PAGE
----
The San Antonio Express-News published a guest column on February 6 from TSA President and Northside ISD Superintendent Brian Woods and Mark Henry, the Superintendent of Cypress-Fairbanks ISD. The full piece is below.
By Brian Woods and Mark Henry, Feb. 6, 2023
The recent report from Hearst Newspapers on Texas charter schools’ use of land purchases reminds us once again that weak oversight and ineffective state laws allow charter schools to take advantage of their students and Texas taxpayers.
The Hearst analysis “found cases in which charter schools collected valuable real estate at great cost to taxpayers but with a tenuous connection to student learning.”
“In others, charter school administrators own the school facilities and have collected millions from charging rent to the same schools they run,” it reported. For example, the superintendent of a Houston charter school owns or controls four facilities used by the school, “allowing him to bill millions to schools he oversees.”
A different Houston charter school owns condominiums in upscale neighborhoods in Houston and Dallas, claiming to use them for storage.
Charter schools have operated in Texas for a quarter-century and by now, stories of their abuses of taxpayer funds have become commonplace — even, perhaps, expected. However, we do no favors to the more than 300,000 students in charter schools or the taxpayers of Texas by simply accepting these improprieties as inevitable.
It warrants saying that many charter schools manage taxpayer dollars and educate students well. However, it is also important to recognize repeated instances of financial malfeasance at Texas charter schools, from schools that inflate attendance figures to receive extra state funding to the use of taxpayer funding for extreme personal benefit at the state’s largest charter network within the last couple of years.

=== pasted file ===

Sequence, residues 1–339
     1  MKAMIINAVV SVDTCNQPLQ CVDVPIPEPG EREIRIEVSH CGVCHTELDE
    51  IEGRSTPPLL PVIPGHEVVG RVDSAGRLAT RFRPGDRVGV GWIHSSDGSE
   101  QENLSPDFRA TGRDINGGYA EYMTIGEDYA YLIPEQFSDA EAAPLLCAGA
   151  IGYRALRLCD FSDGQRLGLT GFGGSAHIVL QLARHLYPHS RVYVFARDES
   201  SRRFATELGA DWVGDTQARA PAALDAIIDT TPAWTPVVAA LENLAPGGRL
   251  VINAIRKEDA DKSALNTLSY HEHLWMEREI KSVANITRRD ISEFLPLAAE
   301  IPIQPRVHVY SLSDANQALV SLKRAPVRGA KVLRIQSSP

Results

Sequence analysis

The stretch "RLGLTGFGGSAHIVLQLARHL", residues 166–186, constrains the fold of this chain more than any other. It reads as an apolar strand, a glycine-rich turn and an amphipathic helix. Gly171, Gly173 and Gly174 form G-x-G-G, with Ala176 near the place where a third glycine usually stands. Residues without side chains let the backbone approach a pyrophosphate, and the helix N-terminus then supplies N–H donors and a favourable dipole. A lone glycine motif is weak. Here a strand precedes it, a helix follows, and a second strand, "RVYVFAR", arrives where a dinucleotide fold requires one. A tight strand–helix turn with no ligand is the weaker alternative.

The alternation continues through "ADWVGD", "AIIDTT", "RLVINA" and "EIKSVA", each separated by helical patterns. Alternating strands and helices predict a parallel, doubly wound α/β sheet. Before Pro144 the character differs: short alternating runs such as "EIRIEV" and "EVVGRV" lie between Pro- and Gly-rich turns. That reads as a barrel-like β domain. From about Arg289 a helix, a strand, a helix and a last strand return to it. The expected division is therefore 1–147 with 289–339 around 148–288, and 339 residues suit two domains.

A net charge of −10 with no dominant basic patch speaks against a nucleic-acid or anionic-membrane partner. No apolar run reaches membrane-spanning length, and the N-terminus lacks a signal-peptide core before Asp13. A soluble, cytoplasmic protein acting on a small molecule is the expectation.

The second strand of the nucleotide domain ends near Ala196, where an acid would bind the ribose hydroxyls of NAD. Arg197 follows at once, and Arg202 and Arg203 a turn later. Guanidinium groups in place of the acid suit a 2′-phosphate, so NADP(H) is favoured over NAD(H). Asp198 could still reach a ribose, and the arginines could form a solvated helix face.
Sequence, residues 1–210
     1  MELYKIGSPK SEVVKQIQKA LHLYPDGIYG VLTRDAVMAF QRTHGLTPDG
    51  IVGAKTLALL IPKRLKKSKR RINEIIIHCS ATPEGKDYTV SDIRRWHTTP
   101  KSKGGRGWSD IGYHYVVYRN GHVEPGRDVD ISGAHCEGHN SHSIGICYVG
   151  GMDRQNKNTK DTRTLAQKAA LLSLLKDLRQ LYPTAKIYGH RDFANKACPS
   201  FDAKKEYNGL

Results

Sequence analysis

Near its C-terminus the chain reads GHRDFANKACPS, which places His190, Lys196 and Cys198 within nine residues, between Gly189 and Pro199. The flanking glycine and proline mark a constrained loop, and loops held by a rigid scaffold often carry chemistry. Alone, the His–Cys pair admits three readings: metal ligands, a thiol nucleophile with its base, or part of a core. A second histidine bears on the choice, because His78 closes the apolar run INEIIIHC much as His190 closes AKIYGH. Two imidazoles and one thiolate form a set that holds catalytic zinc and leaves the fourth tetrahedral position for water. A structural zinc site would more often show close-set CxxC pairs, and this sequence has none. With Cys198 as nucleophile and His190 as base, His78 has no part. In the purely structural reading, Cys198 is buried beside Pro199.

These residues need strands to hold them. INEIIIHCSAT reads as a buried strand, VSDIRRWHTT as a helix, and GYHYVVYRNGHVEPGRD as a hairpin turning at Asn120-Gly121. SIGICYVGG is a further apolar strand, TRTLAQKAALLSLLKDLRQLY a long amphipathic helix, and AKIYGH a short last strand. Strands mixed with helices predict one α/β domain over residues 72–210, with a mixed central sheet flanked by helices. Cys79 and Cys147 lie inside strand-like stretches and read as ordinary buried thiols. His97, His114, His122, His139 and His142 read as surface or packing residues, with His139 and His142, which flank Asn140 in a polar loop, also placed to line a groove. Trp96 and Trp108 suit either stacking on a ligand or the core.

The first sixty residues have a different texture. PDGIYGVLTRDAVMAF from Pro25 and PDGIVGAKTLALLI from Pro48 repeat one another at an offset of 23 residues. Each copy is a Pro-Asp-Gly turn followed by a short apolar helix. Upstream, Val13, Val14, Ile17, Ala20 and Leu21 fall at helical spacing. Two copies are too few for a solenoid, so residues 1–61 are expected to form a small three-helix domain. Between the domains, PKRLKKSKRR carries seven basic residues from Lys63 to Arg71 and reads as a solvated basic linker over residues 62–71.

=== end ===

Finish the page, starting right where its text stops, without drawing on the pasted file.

One consistent pattern among charter schools that misuse state funds is that they take advantage of lax oversight and limited accountability.
Charter schools are public schools, meaning they are funded with taxpayer dollars, and they do not charge their students tuition. The State Board of Education has authority to approve new charter schools but has no role in approving the expansion of existing charter schools. As a result, charter schools lack the same systems of public oversight and accountability as traditional school districts, which are governed by locally elected trustees who are ultimately responsible to voters and taxpayers in their communities.
Investigations such as Hearst’s are important for two reasons. First, the Texas Legislature is in the early stages of its biennial session and has the opportunity to create more responsible and reasonable oversight of charter schools. Such oversight would aim to prevent schools from misusing taxpayer dollars that are intended to help educate children.
Second, some of the state’s highest-ranking leaders have called for programs that would allow students to attend private schools with public funds. These private schools would be even more susceptible to corruption than charter schools because they are not subject to state or public scrutiny of their finances. For example, private schools are not subject to state open-meetings or open-records laws. The opportunities for fraud that run through the Texas charter school experiment would metastasize if Texas began to send tax dollars to schools with even less accountability in place.
Private school vouchers are often hailed as a conservative policy solution, but what exactly is conservative about sending tax dollars away with no accountability for the quality of education children receive or the propriety of how the school uses those dollars? Is it not conservative to require transparency from an organization taking revenue from taxpayers?
We ignore fiscal mismanagement within the charter school system at our own peril. Taxpayers need stronger oversight of charter schools to curtail future abuses. And the last thing our elected leaders should do is make the problem worse by sending public dollars to schools that do not have any oversight at all.
Brian Woods is superintendent of Northside Independent School District and president of the Texas School Alliance. Mark Henry is Superintendent of Cypress-Fairbanks ISD.